My new life after Guillain Barre Syndrome

A Guest Post By Lyndsey Ingram

I was 31 years old, invincible and working full-time as a paralegal at a law firm, while going to nursing school full-time. Then one day, I started getting very tired easily and taking naps. I just figured I was exhausted from being so busy. It would be summer soon and I would be off from school. Well, summer came, and I felt no better.

Then one morning I woke up and both of my hands were numb. No worries, as a nursing student I knew it wasn’t a stroke and probably just slept wrong. The next morning I woke up and both my feet were numb, causing me to have trouble walking and driving, still no worries. The next morning, I woke up and both my arms were numb. I still went to work but began to worry. The next morning, I woke up and my legs felt weak, but I still went to work. By the end of the day I had increasing difficulty walking and called my doctor.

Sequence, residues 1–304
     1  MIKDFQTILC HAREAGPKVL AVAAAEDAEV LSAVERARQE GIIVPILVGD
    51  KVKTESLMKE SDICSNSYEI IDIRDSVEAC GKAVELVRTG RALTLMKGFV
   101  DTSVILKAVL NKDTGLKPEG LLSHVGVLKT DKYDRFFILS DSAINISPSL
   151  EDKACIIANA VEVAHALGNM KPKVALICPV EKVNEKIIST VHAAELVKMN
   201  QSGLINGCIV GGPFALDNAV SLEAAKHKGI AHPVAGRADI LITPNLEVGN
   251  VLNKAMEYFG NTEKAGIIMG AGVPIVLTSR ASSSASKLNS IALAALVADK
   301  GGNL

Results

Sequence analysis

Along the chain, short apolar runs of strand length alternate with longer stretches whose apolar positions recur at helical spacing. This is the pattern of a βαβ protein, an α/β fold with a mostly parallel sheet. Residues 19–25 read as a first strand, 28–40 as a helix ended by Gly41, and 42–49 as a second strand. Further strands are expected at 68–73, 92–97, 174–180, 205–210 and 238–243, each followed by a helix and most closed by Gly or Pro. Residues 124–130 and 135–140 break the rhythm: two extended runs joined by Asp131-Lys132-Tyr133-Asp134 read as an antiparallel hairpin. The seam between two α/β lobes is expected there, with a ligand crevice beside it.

When I saw my doctor, her jaw dropped and said I could have advanced multiple sclerosis. WHAT?? I had just canceled my health insurance a few weeks ago because I never get sick. She gave me steroids and sent me home. The next morning, I was unable to walk. My husband took me to the hospital, but I was so worried they were not going to believe me. However, I was very lucky to have an ER physician who knew what I had and confirmed it with a spinal tap.